Securing your clientele for long term relationships is extremely important to every recruitment agency. While many overlook developing this particular aspect, it’s a proven catalyst of customer retention and positive professional relationships. Alongside using a recruitment CRM, there are a few other key practices to focus on.
There is no way to deliver your absolute best work or present yourself as an expert if you don’t know the client’s work, industry, or hiring history. This is simply information to further understand what kind of client and campaign you’re engaging.
Doing your homework on the company is an essential first step to a robust client relationship, preferably as soon as you make initial contact. This way, you’re able to speak their language, establish a rapport with the point of contact, and walk into every meeting and conversation with confidence and enough research material to leave a lasting impression.
Furthermore, this is when you learn how to interact with the client, in terms of professionalism, industry-critical needs, and preferred methods of communication. Despite the importance of doing your homework, you’ll get to know the client better in a more organic approach.
Regular communication does more than simply inform and update the client regarding their campaign progress. It’s an opportunity to establish a regular pattern of check-ins during which both parties analyze hurdles and discuss ways to overcome them.
You’re the expert, and your goal is to provide the client with a situation analysis as well as possible ways to move forward. Together, your task is to discuss which is most beneficial.
Beyond that, it’s important to ask for feedback, and not just at the end of the campaign as a wrap-up courtesy. Feedback should be requested often and at different stages of your process. If you want to continuously improve how your team operates with such client work, it’s vital to identify which stages that clients are apprehensive or unsure about.
At each milestone, (onboarding, submitting the first batch, etc) send your client an email and ask them how well it went from their perspective.
At the very beginning of the contract, it’s best to let your client know up front that not only do you welcome feedback but that you actively encourage and invite it. Initially, setting up short-term relationships doesn’t take much in terms of effort, but if you’re looking to engage a client for a long period of time, it’s best to make it clear from the outset that this is an open relationship that thrives on unrestricted feedback.
Establishing expectations is a given. As a recruitment agency, your goals are very clear. But ensuring that the details and circumstances surrounding the work are something that you can deliver in time is also important. You want to set expectations that you not only meet but exceed in every possible way.
Clients will always appreciate when their affiliate recruitment agency goes above and beyond in delivering results and improving communication. It’s all about your own timeline and capacity to deliver within whatever set period of time. Realistic expectations are the core of your client relationships and are only valuable if you’re honest about your own limitations. It’s one thing to sell yourself, it’s another to make empty or impossible promises.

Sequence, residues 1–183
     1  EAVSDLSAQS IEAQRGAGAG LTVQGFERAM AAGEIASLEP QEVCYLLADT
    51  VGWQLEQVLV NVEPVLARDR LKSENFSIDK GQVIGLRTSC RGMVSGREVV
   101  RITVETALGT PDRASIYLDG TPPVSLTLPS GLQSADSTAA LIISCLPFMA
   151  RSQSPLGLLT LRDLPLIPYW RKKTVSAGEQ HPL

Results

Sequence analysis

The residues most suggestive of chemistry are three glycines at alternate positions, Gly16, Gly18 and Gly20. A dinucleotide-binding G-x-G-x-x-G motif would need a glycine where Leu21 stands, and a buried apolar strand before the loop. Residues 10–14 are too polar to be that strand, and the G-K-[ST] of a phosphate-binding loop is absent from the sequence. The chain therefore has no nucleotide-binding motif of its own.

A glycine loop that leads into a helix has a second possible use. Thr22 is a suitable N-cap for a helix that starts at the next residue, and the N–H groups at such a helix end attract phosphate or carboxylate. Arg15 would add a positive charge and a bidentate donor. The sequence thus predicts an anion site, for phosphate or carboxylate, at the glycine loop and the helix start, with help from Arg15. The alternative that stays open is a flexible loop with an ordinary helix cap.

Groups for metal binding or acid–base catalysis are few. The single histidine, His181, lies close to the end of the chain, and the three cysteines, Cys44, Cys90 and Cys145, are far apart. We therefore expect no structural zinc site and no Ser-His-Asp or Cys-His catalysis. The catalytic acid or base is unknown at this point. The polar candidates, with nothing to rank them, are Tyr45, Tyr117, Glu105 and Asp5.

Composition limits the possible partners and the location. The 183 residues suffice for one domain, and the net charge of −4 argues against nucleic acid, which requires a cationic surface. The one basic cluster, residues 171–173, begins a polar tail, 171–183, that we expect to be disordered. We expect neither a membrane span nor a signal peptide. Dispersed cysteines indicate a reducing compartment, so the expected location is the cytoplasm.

As the service provider in the relationship, your goal is to demonstrate enough knowledge, expertise, and results that you are considered an expert from their point of view.
Being considered an expert requires more than simply meeting requirements and producing results. It’s also about displaying industry knowledge that pertains to each role within the client’s organization, understanding their needs within their niche, and implementing that knowledge in your proposed process and timeline.
Being the client’s go-to contact for questions and information is also a very good way to solidify your position as an expert. Providing interesting insights, sharing resources you feel are relevant, and even in some cases, pushing back against the client’s unfeasible demands.
Data has a big part to play not only in developing and maintaining the relationship with clients but also in building it from the outset. For example, during initial contact, companies that use a recruitment CRM are able to create and customize a client pipeline to document and track the journey of potential clients from a mere lead to a retainer-based partnership.
Such a tool can be customized to fit your sales process and can be used to centralize data pertaining to each potential client for your recruitment agency’s team members and decision-makers to access.
Furthermore, recruitment CRM helps you develop a superior client relationship, and categorize leads based on their value and their importance, making a recruitment CRM’s role in segmentation extremely valuable. But the most important aspect is in centralizing client data on an easy-to-use platform with an intuitive interface so that your recruiters and teammates remain in the loop.
By aggregating all of this data and creating detailed client profiles that outline their recruitment needs, their ongoing campaigns, and other information, you create a clear understanding of their value and the steps to take to convert or maintain them as well as how to approach them, how to communicate, and how to meet their expectations.